Tiffany Midge in Conversation With Jacqueline Keeler
Why is there no Native woman David Sedaris? Or Native Anne Lamott? Humor categories in publishing are packed with books by funny women and humorous sociocultural-political commentary – but no Native women. There are presumably more important concerns in Indian Country. More important than humor? Among the Diné/Navajo, a ceremony is held in honor of a baby’s first laugh. While the context is different, it nonetheless reminds us that laughter is precious, even sacred. Bury My Heart at Chuck E. Cheese’s (Bison) is a powerful and compelling collection of Tiffany Midge’s musings on life, politics, and identity as a Native woman in America. Artfully blending sly humor, social commentary, and meditations on love and loss, Midge weaves short, standalone musings into a memoir that stares down colonialism while chastising hipsters for abusing pumpkin spice. Employing humor as an act of resistance, these slices of life and matchless takes on urban-Indigenous identity disrupt the colonial narrative and provide commentary on popular culture, media, feminism, and the complications of identity, race, and politics. Midge will be joined in conversation by Jacqueline Keeler, editor of Edge of Morning: Native Voices Speak for the Bears Ears.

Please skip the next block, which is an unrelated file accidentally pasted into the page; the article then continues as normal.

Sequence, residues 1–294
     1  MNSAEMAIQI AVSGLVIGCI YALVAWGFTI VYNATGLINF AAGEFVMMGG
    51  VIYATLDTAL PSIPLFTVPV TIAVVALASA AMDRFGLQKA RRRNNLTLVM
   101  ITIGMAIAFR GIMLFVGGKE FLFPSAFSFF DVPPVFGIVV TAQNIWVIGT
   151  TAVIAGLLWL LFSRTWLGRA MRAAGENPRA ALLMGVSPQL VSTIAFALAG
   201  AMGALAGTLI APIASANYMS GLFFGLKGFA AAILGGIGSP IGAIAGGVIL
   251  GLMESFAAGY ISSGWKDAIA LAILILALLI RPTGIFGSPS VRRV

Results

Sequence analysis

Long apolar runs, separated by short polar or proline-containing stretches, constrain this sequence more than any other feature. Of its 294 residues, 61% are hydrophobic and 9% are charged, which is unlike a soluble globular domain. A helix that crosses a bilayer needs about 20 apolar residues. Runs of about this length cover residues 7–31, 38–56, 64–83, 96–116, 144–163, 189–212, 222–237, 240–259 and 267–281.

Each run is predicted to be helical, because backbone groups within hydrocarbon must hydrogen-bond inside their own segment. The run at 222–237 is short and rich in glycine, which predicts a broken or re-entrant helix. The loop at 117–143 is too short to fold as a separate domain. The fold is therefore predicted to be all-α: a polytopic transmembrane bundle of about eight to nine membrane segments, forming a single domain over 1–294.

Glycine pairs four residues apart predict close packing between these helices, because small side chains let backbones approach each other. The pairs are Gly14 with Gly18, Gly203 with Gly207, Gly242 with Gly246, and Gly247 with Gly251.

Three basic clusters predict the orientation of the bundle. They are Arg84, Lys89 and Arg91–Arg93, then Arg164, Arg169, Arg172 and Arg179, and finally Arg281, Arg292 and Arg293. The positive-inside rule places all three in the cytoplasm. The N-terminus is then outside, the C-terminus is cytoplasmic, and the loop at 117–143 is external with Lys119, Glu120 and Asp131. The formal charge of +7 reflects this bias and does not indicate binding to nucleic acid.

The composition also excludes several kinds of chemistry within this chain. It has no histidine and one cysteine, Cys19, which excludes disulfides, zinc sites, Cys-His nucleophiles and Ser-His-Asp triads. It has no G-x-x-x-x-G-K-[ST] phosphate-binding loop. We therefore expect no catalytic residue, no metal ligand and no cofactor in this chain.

1005 W. Burnside St.
Portland, OR 97209
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